I recently came across an abstract from a fellow presenting at the 2014 Jean Gebser conference. I was intrigued with its focus on the role of fear in cultural evolution (and consciousness itself). Although the abstract only gives a cursory view of the presumably Gebserian perspective presented on fear, it lays out some strong claims that I think we all ought to examine critically. Gebser, in short, is highly regarded as an important philosopher-theorist by many integral thinkers of today, especially Ken Wilber has honored and cited his work. So, here is the abstract which may bring up dialogue among us, notably, there is no discussion of fearlessness with fear in a dialectical sense.
Excerpted from http://www.gebser.org/conference/
THE UNKNOWN, FEAR, AND THE UNCANNY
Rick Muller, PhD (2014)
Fear initiates human action. Humans at their core attempt to avoid fear by creating a world of comfort, safety and familiarity. That is why responses to fear, the unexpected and the unknown, are so overwhelming. Research suggests the residual effect of fear lasts longer than that of pleasure among humans. Is this a fundamental biologically encoded reaction? If so it initiates modern humans to move experiences and objects from the mental category of the unknown/feared into the mental category of the known. Doing so creates familiarity, safety, protection and the illusion of control. The historical artifacts of this process include rituals, taboos, social and familial structures, belief, dogmas, religion, law and science. All are reactions; all are protections from the ever-present inherent sense of fear, the unknown, the invisible and the ineffable.
To understand modernity or what [Jean] Gebser refers to as the mental rational requires one to have a greater sense of how the archaic/magic contributes to humanity’s response to fear. This paper suggests that fear is an initiating factor and an underlying foundation for human choice; one that affects the structuring of community, society, religion, values and ethics. One modern effort to covertly undermine the residual certainty of Gebser’s mental rational, of the Enlightenment, of Romanticism, of the Industrial and Scientific revolutions comes from within the mental rational itself. The uncanny, while predominantly mental and psychological in nature, continues to bore out of the core of modernity creating a space for the archaic, magic and mythic attributes to flourish within a fading western mental rational construction of the human world.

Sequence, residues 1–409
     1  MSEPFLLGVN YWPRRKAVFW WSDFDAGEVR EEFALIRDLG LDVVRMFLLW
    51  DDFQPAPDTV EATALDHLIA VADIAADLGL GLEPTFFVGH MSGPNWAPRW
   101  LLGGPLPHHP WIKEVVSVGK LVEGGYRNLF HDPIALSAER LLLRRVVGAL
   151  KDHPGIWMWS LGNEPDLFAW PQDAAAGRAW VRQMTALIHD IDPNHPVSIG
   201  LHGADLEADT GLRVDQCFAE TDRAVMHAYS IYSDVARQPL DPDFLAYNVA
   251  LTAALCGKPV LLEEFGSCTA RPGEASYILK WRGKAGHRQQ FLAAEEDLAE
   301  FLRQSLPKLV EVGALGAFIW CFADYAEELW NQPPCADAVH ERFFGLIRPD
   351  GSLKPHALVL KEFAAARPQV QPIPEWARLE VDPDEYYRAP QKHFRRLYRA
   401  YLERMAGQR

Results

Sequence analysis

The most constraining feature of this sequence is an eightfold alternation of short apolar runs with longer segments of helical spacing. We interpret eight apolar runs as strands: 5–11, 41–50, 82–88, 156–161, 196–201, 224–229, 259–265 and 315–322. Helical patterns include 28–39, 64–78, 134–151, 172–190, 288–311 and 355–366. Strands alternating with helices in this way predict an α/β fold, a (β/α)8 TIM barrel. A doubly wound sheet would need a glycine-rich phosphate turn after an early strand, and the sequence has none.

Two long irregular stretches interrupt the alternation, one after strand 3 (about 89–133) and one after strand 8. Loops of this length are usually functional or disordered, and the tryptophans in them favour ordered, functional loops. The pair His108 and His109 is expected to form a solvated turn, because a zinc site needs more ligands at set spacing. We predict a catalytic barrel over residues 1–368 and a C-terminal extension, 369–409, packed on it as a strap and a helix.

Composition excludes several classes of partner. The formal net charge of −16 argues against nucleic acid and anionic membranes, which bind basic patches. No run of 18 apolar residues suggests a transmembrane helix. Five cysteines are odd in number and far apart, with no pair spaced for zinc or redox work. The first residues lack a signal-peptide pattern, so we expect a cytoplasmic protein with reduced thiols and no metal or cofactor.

The ongoing disintegration of certainty frees the inherent fears from their protective structures to irrupt into individual human consciousness and everyday life. Fear, the unknown, the fear of the unknown and in modernity the fear of the perceived known continues to rattle the foundations of belief, creation, personal and collective behavior. Western anxiety is born of the social and cultural byproducts that were meant to protect humanity from fear. But do these protections and structures actually protect; if so, from what? What occurs when the protective membrane disintegrates, dissipates, becomes transparent? Death?
Rick Muller, Ph.D., is affiliate professor at Regis University’s (Denver, CO) Rueckert-Hartman College of Health Professions where he teaches accounting, finance and economics for the master’s degree in nursing program. His most recent publications include using the Myers-Briggs Type Indicator® and Ignatian Pedagogy Model for Improved Learning in Jesuit Higher Education, May 2014]; Hitting the Financial Knowledge Target in Nursing Management, October 2013 and he provided editorial assistance for an article about the current issues confronting Venezuela (April 2014) in Winds and Waves, the magazine for the Institute of Cultural Affairs International.
"Fear initiates human action. Humans at their core attempt to avoid fear by creating a world of comfort, safety and familiarity."
The prior blog I posted echoes these kind of claims, as the above quote, (typical of Desh Subba's philosophy of fearism; see my prior blogs), and sets the stage for human culture's use/management of "fear" to continue to motivate us--but in what way does it motivate us? When is it healthy? When is it pathological? How would we know the difference? The latter, is the more important question.
I am not saying fear does not motivate us. I have been writing about the down-side to this, particularly because we tend to (primarily) focus on fear and not fearlessness in history, development and cultural evolutions. If "fear is an initiating factor" and foundation for human choice, as Muller suggests (and Gebser must likely imply), we still have the problem unaddressed in this abstract as to what are we talking about when we use "fear" and is it as complete and integral enough of an understanding (and does it have a deconstruction-reconstruction critique built-in) to be useful to the 21st century and where cultural evolution seems to be going (or where it is perhaps enmeshed in a pathology that will take us all out)... just a few quick thoughts... Someone really needs to study Gebser's work and see what he directly has said about the role of fear and how that supports or doesn't a Subbaian philosophy of fearism.